Subsequent essays on Whitehead’s aesthetics split into two camps: those that agree with Sherburne’s “rationalistic aesthetic” with its emphasis on the propositional character of art and those that advocate an “empiricist aesthetic” in which art is said to involve an “immediate, physical, emotional, and nonconscious response to the world” (Dean 1983, 107).
Stephen David Ross belongs to the rationalistic camp, weaving a theory of the inexhaustibility of art out of Justus Buchler’s ordinal metaphysics and Whitehead’s theory of contrasts. Robert Valenza extends Sherburne’s thesis in an essay that demonstrates through well-chosen examples how with respect to “an experiential flow from the outside world […] science condenses this experience, thus sharply defining truth, [whereas] art expands it” (2002, 72). Unlike a scientific proposition, an aesthetic proposition “distances” us from “ordinary reality” through not only horizontal transmutation but also what he calls “dissociative reversion.” William Dean, in an essay on Whitehead’s “other” aesthetic, rejects this over-intellectualization of art, arguing that an aesthetic experience is nonpropositional: an “intimate concourse of the body with the aesthetic worth of the world” (1983, 108). Similarly, David Martin’s book on sculpture explains how “perceiving bodily” creates an “enlivened space” around the physical sculpture; the art object is propositional, but it is felt, not thought.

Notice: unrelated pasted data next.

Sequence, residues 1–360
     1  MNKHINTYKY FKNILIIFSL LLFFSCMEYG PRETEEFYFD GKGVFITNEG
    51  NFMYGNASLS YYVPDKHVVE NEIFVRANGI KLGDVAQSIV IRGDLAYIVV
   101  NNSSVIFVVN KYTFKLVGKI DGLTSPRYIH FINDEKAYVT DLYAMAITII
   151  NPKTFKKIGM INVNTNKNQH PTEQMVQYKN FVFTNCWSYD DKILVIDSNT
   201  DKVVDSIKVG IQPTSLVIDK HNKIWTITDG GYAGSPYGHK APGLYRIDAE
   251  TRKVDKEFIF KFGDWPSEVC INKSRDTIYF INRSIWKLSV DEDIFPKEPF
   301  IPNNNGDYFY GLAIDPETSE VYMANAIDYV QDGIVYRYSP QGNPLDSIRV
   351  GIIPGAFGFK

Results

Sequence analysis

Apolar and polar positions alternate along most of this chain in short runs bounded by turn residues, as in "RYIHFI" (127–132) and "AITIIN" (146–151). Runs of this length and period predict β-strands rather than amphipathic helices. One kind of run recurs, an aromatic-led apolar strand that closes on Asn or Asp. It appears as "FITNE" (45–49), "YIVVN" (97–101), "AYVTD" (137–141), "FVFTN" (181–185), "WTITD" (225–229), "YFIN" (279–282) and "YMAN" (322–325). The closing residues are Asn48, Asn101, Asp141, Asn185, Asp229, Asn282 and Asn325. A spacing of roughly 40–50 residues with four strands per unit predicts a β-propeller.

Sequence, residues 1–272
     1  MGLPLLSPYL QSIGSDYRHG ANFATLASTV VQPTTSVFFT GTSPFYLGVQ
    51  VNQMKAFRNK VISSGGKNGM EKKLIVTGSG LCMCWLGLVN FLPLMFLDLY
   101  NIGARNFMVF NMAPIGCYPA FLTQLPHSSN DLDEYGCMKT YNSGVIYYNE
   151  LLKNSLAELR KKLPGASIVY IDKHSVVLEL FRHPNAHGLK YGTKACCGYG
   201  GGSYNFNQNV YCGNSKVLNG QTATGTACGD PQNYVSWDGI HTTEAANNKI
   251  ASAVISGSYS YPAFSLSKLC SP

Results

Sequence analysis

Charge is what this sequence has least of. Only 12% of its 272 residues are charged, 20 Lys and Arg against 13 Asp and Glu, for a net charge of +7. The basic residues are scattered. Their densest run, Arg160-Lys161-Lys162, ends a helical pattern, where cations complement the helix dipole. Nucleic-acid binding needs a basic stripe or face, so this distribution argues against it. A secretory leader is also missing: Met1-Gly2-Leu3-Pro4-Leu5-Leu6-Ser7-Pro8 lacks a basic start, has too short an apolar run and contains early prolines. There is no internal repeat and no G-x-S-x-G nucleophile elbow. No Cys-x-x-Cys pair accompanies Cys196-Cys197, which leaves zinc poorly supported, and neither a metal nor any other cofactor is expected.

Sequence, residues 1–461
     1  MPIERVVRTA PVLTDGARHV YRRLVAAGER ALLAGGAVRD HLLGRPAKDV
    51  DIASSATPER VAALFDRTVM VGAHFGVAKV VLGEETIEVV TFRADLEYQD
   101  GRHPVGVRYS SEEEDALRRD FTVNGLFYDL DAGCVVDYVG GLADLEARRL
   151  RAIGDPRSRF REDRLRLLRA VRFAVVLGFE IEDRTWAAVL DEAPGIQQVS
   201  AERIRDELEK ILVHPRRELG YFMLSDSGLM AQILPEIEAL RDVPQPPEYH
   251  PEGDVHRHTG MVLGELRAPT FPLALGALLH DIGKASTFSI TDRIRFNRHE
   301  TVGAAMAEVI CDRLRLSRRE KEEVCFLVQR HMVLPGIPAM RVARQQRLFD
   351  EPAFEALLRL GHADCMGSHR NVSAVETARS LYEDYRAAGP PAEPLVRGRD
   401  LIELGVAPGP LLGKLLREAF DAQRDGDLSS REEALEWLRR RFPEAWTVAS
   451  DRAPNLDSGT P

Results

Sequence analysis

David Hall (1973) wrote the only book that deals with art in the context of Whitehead’s theory of culture as found in Adventures of Ideas, and so his book provides a thorough account of the role of human society in the nurture of aesthetic appreciation and artistic creativity. Hall interprets Whitehead as distinguishing art, understood as one of the five “aims” that define civilized societies, from art understood as a cultural “interest.” Truth, beauty, art, adventure, and peace are ideals, but they “can be made a part of a social order only if the theoretical and practical energies are directed toward their realization” (1973, 110). Art—along with morality, religion, science, and philosophy—are the cultural interests in the West that have predominately served this role. Hall laments the decline of our cultural ideals and imagines the emergence of a “new sensibility” based on a Whiteheadian understanding of finitude that “prevents cynicism and overcomes despair,” a “new religious vision” it is the function of art to proclaim (1973, 195).
Hall agrees with the empiricist approach to aesthetics, criticizing Sherburne for paying insufficient attention to the physical—realist—aspects of art. A genuine “naturalism” needs not only to appreciate the inventive “artificiality” of aesthetic creation, the strategies of transmutation that result in intensities of experience not otherwise available, but also to appreciate how art is rooted in the concretely practical everyday necessities of life, in circumstances having to do with individual and group survival and well-being (92-94). No writer has taken this sense of aesthetic naturalism more seriously than Susanne Langer. Her distinction in Philosophy in a New Key between “presentational” and “discursive” symbols is a superbly inventive application of Whitehead’s distinction between causal efficacy and presentational immediacy. Her account of the shift over time away from presentational symbols toward the dominance of discursive symbols elaborates Whitehead’s comments, primarily in the first chapter of Religion in the Making, on the emergence of rational thought from religious ritual and myth.